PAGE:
Willis Ephraim Prince died 2 October 1950 at Mercy Hospital. Per his death certificate, he was born 17 January 1889 in Edgecombe County to Turner Prince and Sarah [maiden name not listed]; was married to Allie Mae Prince; lived at 205 Stantonsburg Street, Wilson; and worked as a merchant at his own business.

For more about Princeville, see here and here and here.

Coley v. Artis, pt. 5: Maybe he might redeem it.

The fifth in a series excerpting testimony from the transcript of the trial in J.F. Coley v. Tom Artis, Wayne County Superior Court, November 1908. The dispute centered on 30 acres of land. Thomas “Tom Pig” Artis began renting the property in 1881 from William J. Exum, a wealthy white farmer. In 1892, Exum’s widow Mary sold the land to Napoleon Hagans. Hagans died in 1896, and the land passed to his sons Henry and William S. Hagans. In 1899, Henry sold his interest to his brother William, who sold the 30 acres in 1908 to J. Frank Coley, a young white farmer. Tom Artis laid claim to the property, arguing that Napoleon Hagans had sold it to him. Coley filed suit and, after hearing the testimony of more than a dozen witnesses, the court decided in his favor. (Paragraph breaks and some punctuation have been inserted for better readability.)

Defendant introduces T.F. Jones, who being duly sworn, testifies:

I had a conversation with Napoleon Hagans about this land, the 30 acre piece. (Plaintiff objects to question and answer.) I got after Uncle ‘Pole to see me the land. I told him if he would give me a deed for both places, the Calv Pig, that is the 24 acre piece, and the Tom Pig place, the 30 acre piece, I would take them. He told me he would sell me the Calv Pig place, but the Tom Pig place he had promised to let Tom stay on that as long as he lived, that maybe he might redeem it. That about ended the conversation with us. I bought some timber off this land from Tom. Off of the 30 acre piece. I suppose Hagans knew about it. (Plaintiff objects.) I couldn’t say that Hagans saw me hauling the timber, I guess he saw me. (Plaintiff objects.) Hagans never made any objection. I had a conversation with Tom about this land along during that time, when Uncle ‘Pole Hagans first got rid of that Calv Pig place, about 15 years ago. I asked him if he wouldn’t sell his part, and what would he ask for it, (Plaintiff objects). He said he didn’t want to sell it, he expected to redeem it sometime. Last Fall I told him if he expected to get that mortgage he had better attend to it. He said he had boys in Norfolk, who would take it up; that he had confidence in Will Hagans. That if his boys let it slip out after he died, they could. (Plaintiff objects.)

CROSS EXAMINED.

Mr. W.J. Exum died about 1885. Tom is known as Pig. I don’t know why he was called Pig. I think they got “Pig” from “Diggs”. Some of his people ‘way back there, were named “Diggs”, and they got to calling it “Pig” for short. I remember when Napoleon Hagans died. I was down the Country. I left here in ’94, and came back in 1900. He died during that time. I got this timber 20 years ago. I was buying all I could, I don’t know how much I got. I got it by the tree. I went in 1881 and milled ’till 1890. Either ’81 or ’82. I bought the timber about that time. I didn’t know that the deed from Mrs. Exum to Hagans was executed before 1892.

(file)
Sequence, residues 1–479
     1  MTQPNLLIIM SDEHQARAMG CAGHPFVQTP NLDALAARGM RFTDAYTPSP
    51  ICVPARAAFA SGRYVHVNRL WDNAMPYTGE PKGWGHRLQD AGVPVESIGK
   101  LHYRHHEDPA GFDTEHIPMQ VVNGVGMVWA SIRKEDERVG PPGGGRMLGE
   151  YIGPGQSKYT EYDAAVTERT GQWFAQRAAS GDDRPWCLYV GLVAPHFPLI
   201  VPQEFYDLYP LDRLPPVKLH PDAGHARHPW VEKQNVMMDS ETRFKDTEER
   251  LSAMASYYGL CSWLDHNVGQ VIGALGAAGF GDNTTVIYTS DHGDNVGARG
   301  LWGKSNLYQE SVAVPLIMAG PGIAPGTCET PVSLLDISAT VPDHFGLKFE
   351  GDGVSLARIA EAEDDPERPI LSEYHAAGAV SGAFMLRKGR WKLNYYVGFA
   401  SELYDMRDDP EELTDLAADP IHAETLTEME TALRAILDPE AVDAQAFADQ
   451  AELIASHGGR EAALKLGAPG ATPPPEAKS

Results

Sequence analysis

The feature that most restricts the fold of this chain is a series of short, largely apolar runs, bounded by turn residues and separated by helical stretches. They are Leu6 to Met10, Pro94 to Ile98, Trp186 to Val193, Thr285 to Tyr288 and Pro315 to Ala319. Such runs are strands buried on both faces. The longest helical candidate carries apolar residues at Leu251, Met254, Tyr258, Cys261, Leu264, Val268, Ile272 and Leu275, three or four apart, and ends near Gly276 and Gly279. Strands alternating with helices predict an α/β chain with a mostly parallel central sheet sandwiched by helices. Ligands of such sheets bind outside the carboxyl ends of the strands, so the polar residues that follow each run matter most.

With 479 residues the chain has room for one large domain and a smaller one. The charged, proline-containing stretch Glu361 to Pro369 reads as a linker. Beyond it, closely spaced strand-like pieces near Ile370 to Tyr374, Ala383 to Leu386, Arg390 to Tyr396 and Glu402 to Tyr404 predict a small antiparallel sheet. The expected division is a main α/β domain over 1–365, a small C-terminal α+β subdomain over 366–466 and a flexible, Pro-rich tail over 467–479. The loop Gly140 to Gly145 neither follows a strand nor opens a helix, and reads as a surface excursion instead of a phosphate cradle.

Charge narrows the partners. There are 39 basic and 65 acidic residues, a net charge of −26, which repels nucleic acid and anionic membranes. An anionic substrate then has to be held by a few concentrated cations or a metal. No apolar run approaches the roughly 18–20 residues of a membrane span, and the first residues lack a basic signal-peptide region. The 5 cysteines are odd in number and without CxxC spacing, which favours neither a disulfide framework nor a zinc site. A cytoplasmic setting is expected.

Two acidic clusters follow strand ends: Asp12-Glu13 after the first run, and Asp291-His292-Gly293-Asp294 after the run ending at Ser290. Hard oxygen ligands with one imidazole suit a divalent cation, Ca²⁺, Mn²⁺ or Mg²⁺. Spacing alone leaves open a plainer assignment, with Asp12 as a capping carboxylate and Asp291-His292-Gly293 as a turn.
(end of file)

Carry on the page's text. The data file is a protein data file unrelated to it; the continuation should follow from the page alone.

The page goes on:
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Jones’ guess about the origins of Tom Artis’ nickname is unsatisfying. “Pig” from “Diggs”? In fact, Thomas and Calvin Artis took their nickname from their father, an enslaved man, who was called “Simon Pig.” Artis was the surname of their mother Celia, a free woman of color. (Tom Artis was not a Diggs, but his niece Frances Artis married Wilson (or William) Diggs in 1868 in Wayne County.) I have found no other record of manumission, but Simon Pig Artis is listed as the head of his household in the 1860 census of Davis township, Wayne County. He reported (or was attributed with) $800 of real property and $430 of personal property. The land was almost surely his wife Celia’s; she is one of the earliest free colored property owners appearing in Wayne County deed books.

1860 census, Davis district, Wayne County, North Carolina.

Several Diggs descendants settled in or owned property in Wilson County; see here and here and here.

 

Coley v. Artis, pt. 3: I never heard anything but “rent.”

The third in a series excerpting testimony from the transcript of the trial in J.F. Coley v. Tom Artis, Wayne County Superior Court, November 1908. The dispute centered on 30 acres of land. Thomas “Tom Pig” Artis began renting the property in 1881 from William J. Exum, a wealthy white farmer. In 1892, Exum’s widow Mary sold the land to Napoleon Hagans. Hagans died in 1896, and the land passed to his sons Henry and William S. Hagans. In 1899, Henry sold his interest to his brother William, who sold the 30 acres in 1908 to J. Frank Coley, a young white farmer. Tom Artis laid claim to the property, arguing that Napoleon Hagans had sold it to him. Coley filed suit and, after hearing the testimony of more than a dozen witnesses, the court decided in his favor. (Paragraph breaks and some punctuation have been inserted for better readability.)

Plaintiff introduces Jonah Reid who being duly sworn, testifies as follows: